Post Card of Lummus Park, 1940’s- View from atop of Scottish Rite Temple

Lummus Park is on the eastern side of Miami River and it is roughly bounded by NW 3rd Street to the north, where the park has one of its entrance, and by NW 2nd Street to the south, where there is a second entrance; NW 3rd Court to the east separates the park and Interstate 95.

Lummus Park was created in 1909 as Miami's first park. It was then called City Park. The opening of the park in 1909, spurred development in the area, and today, most of the buildings around the park were built before 1926. On the north side were impressive homes, including the Temple Court Apartments. On the eastern edge of the park was the Miami High School and on the northwest corner is the singular Scottish Rite Temple. This unique building contains a distinctive Ziggurat steeped roof, classical columns at the main entrance and it has art deco flourishes. The famed architectural firm of Kiehnel and Eliot designed it.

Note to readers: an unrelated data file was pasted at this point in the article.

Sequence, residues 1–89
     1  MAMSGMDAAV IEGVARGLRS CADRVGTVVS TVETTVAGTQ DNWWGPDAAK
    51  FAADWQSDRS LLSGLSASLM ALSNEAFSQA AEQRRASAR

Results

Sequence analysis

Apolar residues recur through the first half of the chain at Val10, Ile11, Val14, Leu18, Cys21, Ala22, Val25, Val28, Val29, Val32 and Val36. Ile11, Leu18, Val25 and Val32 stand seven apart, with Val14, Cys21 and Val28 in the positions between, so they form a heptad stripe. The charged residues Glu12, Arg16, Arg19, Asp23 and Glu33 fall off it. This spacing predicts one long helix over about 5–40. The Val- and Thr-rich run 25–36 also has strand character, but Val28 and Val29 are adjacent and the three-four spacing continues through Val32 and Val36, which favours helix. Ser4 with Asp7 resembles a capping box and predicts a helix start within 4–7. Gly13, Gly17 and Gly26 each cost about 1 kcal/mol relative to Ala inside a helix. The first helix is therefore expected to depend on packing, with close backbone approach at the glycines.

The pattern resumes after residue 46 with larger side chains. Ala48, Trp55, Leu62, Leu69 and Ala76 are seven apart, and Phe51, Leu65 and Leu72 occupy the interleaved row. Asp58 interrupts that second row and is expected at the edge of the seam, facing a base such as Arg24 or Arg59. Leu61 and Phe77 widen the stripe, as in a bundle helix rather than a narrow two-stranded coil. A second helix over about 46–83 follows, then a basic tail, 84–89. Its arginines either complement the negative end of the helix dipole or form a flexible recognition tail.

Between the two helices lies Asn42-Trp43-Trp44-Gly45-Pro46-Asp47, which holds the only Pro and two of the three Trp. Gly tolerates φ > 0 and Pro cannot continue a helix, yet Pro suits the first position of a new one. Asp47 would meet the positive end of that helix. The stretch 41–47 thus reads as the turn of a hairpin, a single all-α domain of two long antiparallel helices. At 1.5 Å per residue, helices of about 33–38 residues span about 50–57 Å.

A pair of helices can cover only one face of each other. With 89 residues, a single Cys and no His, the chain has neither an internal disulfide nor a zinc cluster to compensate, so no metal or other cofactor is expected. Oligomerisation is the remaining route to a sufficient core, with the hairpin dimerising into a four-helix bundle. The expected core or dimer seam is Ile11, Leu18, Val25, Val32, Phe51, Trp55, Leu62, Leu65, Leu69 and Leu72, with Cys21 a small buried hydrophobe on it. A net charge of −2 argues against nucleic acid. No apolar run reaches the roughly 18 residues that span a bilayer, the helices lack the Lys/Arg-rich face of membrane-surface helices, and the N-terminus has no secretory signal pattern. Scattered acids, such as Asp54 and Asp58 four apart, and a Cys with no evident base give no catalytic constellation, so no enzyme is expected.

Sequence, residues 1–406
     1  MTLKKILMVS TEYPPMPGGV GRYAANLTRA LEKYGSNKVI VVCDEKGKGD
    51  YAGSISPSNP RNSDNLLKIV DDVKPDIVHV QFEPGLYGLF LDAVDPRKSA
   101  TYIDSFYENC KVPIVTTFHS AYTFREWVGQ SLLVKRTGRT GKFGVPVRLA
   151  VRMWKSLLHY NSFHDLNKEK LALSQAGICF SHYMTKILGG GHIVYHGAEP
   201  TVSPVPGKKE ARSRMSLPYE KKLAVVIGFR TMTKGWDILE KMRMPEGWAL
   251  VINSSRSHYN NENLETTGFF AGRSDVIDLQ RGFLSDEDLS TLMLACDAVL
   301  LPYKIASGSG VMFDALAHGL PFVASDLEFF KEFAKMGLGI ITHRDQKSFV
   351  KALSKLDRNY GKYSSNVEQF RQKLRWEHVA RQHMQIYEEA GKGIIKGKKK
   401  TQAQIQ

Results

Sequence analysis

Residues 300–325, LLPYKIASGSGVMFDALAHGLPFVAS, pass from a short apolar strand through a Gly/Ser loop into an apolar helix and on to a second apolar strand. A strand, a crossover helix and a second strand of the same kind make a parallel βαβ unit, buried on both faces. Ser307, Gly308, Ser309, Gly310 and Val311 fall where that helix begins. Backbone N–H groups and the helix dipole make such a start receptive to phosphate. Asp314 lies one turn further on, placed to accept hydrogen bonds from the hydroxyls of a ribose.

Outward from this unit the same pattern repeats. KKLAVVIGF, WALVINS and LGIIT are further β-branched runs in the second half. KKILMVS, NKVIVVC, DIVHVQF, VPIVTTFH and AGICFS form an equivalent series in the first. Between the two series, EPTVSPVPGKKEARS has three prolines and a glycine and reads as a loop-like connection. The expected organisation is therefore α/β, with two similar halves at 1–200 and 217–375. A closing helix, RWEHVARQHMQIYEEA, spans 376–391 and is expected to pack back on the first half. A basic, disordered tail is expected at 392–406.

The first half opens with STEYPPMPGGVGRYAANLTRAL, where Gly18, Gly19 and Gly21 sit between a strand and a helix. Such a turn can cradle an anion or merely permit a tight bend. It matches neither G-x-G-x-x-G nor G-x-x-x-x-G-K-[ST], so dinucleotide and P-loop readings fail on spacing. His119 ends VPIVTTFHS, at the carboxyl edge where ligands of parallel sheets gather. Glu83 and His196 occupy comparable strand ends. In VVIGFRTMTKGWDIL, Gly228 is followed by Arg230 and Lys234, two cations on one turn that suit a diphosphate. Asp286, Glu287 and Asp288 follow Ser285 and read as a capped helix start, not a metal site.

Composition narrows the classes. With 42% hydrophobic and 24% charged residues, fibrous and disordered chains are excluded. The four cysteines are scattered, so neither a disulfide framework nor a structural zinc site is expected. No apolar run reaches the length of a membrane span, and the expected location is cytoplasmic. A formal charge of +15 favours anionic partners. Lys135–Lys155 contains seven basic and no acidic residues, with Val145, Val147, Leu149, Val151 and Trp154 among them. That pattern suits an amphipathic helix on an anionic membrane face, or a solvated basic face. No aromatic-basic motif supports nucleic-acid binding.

Scottish Rite Temple 2

In the 1920’s the park was a busy place. A Mediterranean style pavilion sat in the middle of the park. Around it the city installed croquet courts and facilities for horseshoes, card games, chess and dominoes. Then the city added twenty shuffleboard courts that quickly became the most popular activity in Lummus Park.

In 1925 at the height of a real estate boom, the historic plantation longhouse was moved to the park to save it from demolition. Over the years the park was a very active place. For instance, in 1965 the Lummus Park Shuffleboard Club claimed 600 members. In 1979 the Wagner Homestead was moved to the park.


It should be noted that Lummus Park until the sixties was a whites-only neighborhood. The dividing line between this neighborhood and Overtown was two blocks north of the park at NW 5th street. 

In the last three decades the park saw a period of decline and neglect. This was caused in part by the construction of I-95 which essentially cut the park off from downtown. In the eighties, homeless people began living in the park. This decline caused the D.A.R. to decide that the park was no longer a safe place. In the 1990’s the park was for several years fenced and not open to the public. In 1996 the park was reopened to the public but the historic buildings have remained locked and generally inaccesible to the general public except on special occasions.

On October 25, 2006, the park and the buildings on its northern boundary were added to the U.S National Register of Historic Places as the Lummius Park Historic District.